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Hospital's plan — a bridge too far?
While it's true that many hospitals and EDs have instituted policies that seek to encourage nonurgent patients to find other medical "homes," the policy recently adopted at the University of Chicago Medical Center goes a bit farther than most, says Sandra Schneider, MD, vice president of the American College of Emergency Physicians.
"Many hospitals are doing something similar, but perhaps not as overt or as obvious," says Schneider, who also is a professor of emergency medicine at the University of Rochester (NY) and an attending ED physician at Strong Memorial Hospital in Rochester. "Many, for example, will choose to admit patients who have surgical needs to the OR over those from the ED, if there is one bed left in the hospital." She also has seen hospitals continue to take transfer patients even when the facility is full and patients are waiting in the ED, "because transfers usually pay better, have insurance more often, and have more complex issues," Schneider says.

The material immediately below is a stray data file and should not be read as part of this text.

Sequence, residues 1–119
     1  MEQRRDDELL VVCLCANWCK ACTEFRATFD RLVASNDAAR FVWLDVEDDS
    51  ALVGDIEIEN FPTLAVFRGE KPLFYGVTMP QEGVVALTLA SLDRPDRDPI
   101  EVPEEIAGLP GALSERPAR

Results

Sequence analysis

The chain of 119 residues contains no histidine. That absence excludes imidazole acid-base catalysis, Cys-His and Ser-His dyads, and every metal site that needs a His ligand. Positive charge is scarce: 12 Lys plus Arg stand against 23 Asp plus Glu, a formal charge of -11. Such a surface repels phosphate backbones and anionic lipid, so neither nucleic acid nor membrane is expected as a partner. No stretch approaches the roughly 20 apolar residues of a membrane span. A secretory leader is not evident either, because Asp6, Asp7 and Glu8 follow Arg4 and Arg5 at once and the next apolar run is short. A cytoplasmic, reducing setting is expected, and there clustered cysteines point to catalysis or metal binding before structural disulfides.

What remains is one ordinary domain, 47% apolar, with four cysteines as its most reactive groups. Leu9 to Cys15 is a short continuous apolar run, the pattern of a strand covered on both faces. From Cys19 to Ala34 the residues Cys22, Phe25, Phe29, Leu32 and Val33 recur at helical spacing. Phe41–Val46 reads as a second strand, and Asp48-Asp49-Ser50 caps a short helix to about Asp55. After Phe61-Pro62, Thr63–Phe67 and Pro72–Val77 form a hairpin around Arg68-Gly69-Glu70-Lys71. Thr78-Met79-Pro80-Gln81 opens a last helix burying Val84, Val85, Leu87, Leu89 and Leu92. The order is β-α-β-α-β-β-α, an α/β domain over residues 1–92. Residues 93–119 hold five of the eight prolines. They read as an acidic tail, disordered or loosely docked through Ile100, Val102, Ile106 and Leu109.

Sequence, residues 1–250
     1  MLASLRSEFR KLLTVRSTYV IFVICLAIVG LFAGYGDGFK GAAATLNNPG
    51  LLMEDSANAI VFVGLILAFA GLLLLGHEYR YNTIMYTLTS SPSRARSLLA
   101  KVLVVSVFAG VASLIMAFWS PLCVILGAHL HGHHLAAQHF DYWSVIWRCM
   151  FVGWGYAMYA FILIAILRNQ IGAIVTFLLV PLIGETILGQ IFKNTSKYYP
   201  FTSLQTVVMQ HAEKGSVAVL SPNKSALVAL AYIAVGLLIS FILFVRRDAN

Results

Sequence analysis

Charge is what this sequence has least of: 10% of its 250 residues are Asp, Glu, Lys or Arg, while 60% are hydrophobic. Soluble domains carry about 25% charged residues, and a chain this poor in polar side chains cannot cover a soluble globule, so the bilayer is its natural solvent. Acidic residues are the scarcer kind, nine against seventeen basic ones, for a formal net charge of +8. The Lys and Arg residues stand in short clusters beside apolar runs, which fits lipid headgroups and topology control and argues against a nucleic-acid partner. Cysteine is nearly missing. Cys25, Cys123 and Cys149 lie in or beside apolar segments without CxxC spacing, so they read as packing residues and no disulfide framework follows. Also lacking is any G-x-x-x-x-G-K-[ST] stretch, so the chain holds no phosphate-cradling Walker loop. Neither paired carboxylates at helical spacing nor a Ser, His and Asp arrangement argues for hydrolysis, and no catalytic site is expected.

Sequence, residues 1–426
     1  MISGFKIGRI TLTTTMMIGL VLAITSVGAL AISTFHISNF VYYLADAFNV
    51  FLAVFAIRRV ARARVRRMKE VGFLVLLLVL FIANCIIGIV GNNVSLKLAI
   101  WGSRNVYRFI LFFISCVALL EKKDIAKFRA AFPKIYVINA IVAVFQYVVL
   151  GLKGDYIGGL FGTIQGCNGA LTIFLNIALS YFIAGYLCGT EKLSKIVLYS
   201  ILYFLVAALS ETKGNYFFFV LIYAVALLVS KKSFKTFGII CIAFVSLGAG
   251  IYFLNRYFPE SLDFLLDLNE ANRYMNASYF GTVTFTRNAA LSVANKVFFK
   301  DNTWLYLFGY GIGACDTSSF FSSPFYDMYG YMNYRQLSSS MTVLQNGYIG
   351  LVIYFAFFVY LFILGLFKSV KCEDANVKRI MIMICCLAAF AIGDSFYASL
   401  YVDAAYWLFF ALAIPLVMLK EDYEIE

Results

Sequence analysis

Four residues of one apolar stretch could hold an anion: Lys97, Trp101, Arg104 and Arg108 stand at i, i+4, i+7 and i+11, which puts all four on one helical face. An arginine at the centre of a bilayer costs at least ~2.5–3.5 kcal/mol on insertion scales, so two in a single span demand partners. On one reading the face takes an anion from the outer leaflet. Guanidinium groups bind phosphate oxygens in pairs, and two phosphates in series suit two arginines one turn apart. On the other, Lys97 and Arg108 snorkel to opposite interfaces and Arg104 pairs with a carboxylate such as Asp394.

Where the University of Chicago was a bit more overt about it, she asserts, is they began to shrink beds available to patients and the size of the ED, "which artificially reduces your ability to take in patients who cannot pay. It's one way to make sure you do not get those types of patients." What's more, such an approach is based on a misconception, says Michael Frank, MD, JD, FACEP, FCLM, general counsel and director of risk management for Emergency Medicine Physicians Management Group, in Canton, OH. "Editorial in the Chicago Tribune to support this policy cited average costs of $1,200 for an ED visit to demonstrate that the hospital can't afford nonurgent visits," he notes. "That may be what they charge, but that's not what the visit costs the hospital."
Hospitals, he notes, have many fixed costs, including utilities and salaries. "What it costs to treat someone with a sore throat is trivial," Frank says. "If you divert that patient, you may save $20, not $1,200."